Driver fatigue is the most common contributing factoring trucking accidents. It is estimated that fatigue is involved in about 40% of these accidents. Combating fatigue is a constant issue for truckers and lawmakers, but a good solution has yet to be found.
Hours of service
Hours of service (HOS) regulations dictate how much time a trucker can spend driving, and how often and how long they must take off. The goal is to eliminate fatigue, but so far, these laws have not been successful. Why these laws don’t work is a complicated issue involving fierce competition in the trucking industry, and the nature of sleep itself.
HOS regulations state that drivers can drive for 10 consecutive hours and then must take a 10 hour break. They are allowed no more than 60 hours of driving in seven days or 70 hours in eight days, with a period of 34 consecutive hours off each week.
These rules are not flexible. If a truck driver gets sleepy after three hours of driving, he can’t just take a nap and continue with the remaining seven hours. He loses legal driving time if he stops to rest. So, he has to make a choice between taking a nap or getting his load delivered on time.
Rigid HOS rules also overlook the fact that people simply can’t sleep on command. Many factors can interfere with a truck driver’s ability to sleep during their allotted time off, including natural sleep cycles, lack of adequate truck parking, and trying to sleep in noisy areas. Sleep debt is cumulative. Drivers become more fatigued as their work week wears on which increases the possibilities of a truck accident.
Lack of sleep is not the only cause of fatigue. Poor sleep and other stressors contribute. Factors which cause truck driver fatigue include:
- Unrealistic schedules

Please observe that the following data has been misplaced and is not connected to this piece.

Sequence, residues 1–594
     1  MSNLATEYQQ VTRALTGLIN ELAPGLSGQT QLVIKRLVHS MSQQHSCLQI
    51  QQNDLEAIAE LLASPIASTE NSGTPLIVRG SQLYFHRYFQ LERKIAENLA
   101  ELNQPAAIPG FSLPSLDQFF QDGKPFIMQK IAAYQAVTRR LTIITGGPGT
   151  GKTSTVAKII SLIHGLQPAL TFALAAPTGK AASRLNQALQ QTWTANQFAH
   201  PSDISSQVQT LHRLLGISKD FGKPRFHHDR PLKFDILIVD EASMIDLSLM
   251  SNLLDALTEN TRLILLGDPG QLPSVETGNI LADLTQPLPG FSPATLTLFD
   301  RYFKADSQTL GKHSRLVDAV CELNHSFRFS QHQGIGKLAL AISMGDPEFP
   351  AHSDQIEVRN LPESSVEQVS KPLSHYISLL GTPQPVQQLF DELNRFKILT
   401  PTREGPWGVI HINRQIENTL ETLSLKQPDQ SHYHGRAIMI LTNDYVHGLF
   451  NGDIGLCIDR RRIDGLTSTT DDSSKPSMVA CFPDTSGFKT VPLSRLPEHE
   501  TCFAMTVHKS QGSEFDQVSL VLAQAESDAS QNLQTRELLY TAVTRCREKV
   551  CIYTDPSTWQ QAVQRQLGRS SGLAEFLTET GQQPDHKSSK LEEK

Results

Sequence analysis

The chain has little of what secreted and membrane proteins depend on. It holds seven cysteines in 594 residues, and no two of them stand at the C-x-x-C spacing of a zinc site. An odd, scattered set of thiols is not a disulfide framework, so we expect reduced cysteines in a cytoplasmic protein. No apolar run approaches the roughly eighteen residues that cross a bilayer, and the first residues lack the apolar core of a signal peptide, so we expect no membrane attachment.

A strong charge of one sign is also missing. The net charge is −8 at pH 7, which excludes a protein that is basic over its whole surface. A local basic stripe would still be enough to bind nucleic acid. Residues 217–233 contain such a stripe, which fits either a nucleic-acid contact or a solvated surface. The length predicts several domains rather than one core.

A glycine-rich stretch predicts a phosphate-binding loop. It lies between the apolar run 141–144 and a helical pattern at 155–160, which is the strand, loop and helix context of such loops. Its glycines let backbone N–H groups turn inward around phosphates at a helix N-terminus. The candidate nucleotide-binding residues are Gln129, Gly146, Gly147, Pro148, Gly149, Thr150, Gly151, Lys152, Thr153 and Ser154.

- Irregular schedules
- Physical work in between driving hours
- Trying to sleep during the day
- Lack of truck parking
- Trying to sleep in noisy conditions
- Night driving
- Monotonous driving
- Bad traffic
- Hot weather
- Weather conditions which cause poor visibility
- Health problems
- Poor eating habits
- Sleep disorders
- Problems at home
Truck drivers try any number of substances to fight fatigue. Some stick with legal remedies such as coffee or ephedrine. Others delve into cocaine and methamphetamines. Legal or illegal, stimulants cannot replace sleep and create a false sense of alertness. Drugs, such as methamphetamines, can create paranoia and confusion, and dangerously impair judgment.
On the other end of the spectrum, drivers who need to sleep but can’t often drink alcohol or take sleeping pills. Even when they do this long before getting behind the wheel, the residual effects can impair their driving, and they often do not get quality sleep. Truck driver intoxication, of all types, is often closely tied to fatigue.
Trucking companies compound the fatigue problem by creating unrealistic schedules. With little or no regard for HOS rules, their drivers’ health and safety, or the safety of others on the road, they push drivers to deliver loads on a deadline which forces them to break the law either by speeding, violating HOS rules, or spending their designated rest time loading and unloading their trucks.